Updated: Apr 2
By Michael P. Rellahan Staff Writer firstname.lastname@example.org On Twitter @ChescoCourtNews Jan 17, 2020
Chester County offers a fresh start for diversion program juveniles upon reaching the age of 18. Pictured left to right are: Yolanda Van de Krol, Chester County Clerk of Courts; Renee Merion, Deputy District Attorney in charge of the Juvenile Unit; and Don Corry, Chester County Chief Juvenile Probation Officer.
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WEST CHESTER — Hailing it as an “innovative approach to criminal justice,” Chester County officials have unveiled an effort to rid qualified juvenile offenders of their past records, even if the offenders themselves do not request it.
The new service — put together by leaders in the county Juvenile Probation Office, District Attorney’s Office, Clerk of Courts, and the Common Pleas Court — applies to those juveniles who completed the county’s diversionary program for non-violent youthful offenders and follows in the wake of an earlier effort to provide assistance for those with clean records.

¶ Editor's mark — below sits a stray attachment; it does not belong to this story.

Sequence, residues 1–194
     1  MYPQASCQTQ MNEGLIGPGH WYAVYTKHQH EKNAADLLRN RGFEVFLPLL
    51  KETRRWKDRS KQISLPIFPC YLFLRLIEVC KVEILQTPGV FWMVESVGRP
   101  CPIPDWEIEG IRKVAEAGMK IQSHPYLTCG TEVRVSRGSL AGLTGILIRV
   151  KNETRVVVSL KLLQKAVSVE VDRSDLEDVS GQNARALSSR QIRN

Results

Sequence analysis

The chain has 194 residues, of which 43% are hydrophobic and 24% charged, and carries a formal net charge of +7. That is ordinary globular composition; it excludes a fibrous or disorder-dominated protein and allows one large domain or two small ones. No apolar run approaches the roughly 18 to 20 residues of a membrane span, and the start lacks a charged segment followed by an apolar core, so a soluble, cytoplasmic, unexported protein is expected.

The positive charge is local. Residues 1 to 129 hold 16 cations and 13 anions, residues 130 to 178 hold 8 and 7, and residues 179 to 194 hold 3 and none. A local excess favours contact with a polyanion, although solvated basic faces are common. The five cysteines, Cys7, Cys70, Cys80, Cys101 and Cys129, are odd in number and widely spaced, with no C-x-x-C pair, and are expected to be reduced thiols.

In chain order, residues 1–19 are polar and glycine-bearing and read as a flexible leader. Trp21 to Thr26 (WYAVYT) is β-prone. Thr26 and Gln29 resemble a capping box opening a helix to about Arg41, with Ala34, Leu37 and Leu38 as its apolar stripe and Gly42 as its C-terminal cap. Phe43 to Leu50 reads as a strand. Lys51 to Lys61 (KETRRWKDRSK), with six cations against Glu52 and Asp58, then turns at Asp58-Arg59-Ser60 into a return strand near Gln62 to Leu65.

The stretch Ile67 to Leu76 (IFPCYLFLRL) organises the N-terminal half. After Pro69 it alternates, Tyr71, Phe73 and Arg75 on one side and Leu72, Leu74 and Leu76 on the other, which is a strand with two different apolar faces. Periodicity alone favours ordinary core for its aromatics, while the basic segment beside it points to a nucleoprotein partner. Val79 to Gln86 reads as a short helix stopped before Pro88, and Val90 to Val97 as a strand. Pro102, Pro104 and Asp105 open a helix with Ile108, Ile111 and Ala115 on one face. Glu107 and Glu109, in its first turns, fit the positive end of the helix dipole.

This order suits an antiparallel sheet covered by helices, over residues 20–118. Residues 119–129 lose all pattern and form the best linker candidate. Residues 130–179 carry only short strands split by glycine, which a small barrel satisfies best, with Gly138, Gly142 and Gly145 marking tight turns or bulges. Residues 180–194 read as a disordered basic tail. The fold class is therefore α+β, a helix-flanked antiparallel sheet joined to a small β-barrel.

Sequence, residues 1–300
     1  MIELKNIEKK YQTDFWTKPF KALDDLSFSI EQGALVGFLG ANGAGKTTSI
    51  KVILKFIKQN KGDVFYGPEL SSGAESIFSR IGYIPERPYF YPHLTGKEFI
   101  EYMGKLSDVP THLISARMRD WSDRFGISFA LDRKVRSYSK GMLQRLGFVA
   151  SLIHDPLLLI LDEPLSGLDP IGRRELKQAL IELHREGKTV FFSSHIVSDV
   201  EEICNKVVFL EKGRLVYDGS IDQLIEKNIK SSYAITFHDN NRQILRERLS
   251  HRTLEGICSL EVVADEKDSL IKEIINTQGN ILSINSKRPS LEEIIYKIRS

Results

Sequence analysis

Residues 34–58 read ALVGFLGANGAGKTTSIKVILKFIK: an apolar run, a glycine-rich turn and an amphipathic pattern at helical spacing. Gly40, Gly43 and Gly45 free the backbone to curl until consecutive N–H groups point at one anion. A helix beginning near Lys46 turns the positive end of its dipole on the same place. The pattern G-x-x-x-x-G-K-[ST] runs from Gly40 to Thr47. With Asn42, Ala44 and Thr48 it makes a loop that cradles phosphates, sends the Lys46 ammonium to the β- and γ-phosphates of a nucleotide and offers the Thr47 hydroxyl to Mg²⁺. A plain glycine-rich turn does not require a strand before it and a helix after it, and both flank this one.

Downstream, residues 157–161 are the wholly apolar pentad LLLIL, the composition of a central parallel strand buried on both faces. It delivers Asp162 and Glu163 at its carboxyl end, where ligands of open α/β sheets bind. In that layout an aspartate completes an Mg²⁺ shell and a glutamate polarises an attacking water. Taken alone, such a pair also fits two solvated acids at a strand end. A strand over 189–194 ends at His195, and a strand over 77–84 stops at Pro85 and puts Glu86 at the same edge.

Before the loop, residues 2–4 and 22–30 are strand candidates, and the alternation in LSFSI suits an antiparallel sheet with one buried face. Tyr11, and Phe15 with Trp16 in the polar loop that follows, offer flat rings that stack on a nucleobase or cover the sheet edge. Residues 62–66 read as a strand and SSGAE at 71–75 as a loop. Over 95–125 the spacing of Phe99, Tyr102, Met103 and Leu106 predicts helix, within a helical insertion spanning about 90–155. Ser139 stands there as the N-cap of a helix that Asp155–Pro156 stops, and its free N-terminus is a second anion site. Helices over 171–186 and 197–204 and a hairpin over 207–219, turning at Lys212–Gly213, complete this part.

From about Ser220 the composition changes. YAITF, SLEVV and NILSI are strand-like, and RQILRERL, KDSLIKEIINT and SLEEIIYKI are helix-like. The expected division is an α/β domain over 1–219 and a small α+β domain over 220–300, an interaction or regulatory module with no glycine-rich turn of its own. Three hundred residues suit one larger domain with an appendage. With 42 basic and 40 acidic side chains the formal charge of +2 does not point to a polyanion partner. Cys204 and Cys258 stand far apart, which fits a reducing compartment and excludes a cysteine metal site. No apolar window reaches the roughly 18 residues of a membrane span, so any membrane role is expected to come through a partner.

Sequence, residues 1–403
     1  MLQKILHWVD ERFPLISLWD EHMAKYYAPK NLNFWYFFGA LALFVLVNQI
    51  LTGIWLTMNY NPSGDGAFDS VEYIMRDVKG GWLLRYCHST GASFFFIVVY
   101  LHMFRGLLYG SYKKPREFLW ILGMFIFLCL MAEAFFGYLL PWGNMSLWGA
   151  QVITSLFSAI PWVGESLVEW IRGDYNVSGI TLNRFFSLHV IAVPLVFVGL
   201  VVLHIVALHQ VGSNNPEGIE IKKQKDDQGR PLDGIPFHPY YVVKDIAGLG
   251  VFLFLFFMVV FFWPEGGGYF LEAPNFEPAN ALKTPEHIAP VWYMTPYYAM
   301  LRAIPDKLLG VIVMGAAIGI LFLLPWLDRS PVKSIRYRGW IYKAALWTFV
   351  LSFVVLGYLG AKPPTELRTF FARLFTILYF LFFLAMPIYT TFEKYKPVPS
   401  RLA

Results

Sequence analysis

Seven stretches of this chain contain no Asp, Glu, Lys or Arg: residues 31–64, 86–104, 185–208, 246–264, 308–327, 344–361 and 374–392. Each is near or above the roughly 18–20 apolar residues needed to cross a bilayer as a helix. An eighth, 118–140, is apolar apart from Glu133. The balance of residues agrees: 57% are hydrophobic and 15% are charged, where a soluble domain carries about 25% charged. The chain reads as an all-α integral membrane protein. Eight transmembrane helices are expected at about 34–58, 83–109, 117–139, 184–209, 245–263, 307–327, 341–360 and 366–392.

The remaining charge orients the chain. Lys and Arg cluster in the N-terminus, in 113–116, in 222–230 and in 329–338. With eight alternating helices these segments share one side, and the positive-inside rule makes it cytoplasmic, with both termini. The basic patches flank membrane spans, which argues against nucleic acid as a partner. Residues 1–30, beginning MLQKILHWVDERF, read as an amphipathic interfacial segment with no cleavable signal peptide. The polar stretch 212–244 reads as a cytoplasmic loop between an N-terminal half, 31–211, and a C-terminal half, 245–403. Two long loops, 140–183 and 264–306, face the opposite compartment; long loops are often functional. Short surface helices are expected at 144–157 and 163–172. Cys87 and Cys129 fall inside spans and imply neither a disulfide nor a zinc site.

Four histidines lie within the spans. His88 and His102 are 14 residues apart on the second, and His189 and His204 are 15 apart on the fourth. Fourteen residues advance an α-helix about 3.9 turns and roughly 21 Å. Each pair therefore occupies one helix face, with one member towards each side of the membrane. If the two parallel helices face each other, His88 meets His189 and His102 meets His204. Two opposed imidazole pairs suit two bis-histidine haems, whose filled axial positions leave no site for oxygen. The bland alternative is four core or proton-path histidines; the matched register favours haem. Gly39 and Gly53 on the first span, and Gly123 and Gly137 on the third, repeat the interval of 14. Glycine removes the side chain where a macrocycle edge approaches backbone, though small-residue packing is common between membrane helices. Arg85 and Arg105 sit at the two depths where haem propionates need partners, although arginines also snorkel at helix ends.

Any juveniles that successfully complete the diversion program, and are otherwise qualified to have their record expunged because of a lack of additional criminal conduct will have their record expunged upon turning 18 years old. It applies to all eligible juveniles who turned 18 on or after Aug. 1, 2019.
“The typical profile for youth who participate in one of our diversion programs, which allows them to avoid an adjudication of delinquency, is first time offenders who have committed a relatively minor offense, and are assessed as low risk for re-offending,” said Don Corry, the county’s director of Juvenile Probation.
“Currently, juveniles who complete a diversion program can initiate the expungement process after six months have passed since their supervision ended if they have remained out of the criminal justice system,” said Yolanda Van de Krol, Chester County’s Clerk of Courts. “Most juveniles don’t take this action and then find that information on their non-adjudicated record may impact applications for college, for jobs or even for renting apartments. The information is sealed in our office, but it can get out by other means.”
Expungement at the age of 18 helps those young people who made one minor, yet still illegal, mistake put the past behind them as they move on to higher education, employment and become contributing adults in society,” added Van de Krol.
Examples of the type of records that will be expunged for first-time offenders who successfully completed a diversion program include misdemeanors such as criminal mischief, criminal trespass or disorderly conduct.
It is estimated that this new service will lead to 100 to 150 additional expungements a year, but the system being put in place means the new service will be absorbed within the existing responsibilities of the Clerk of Courts Office and the other offices. No additional staff will be added.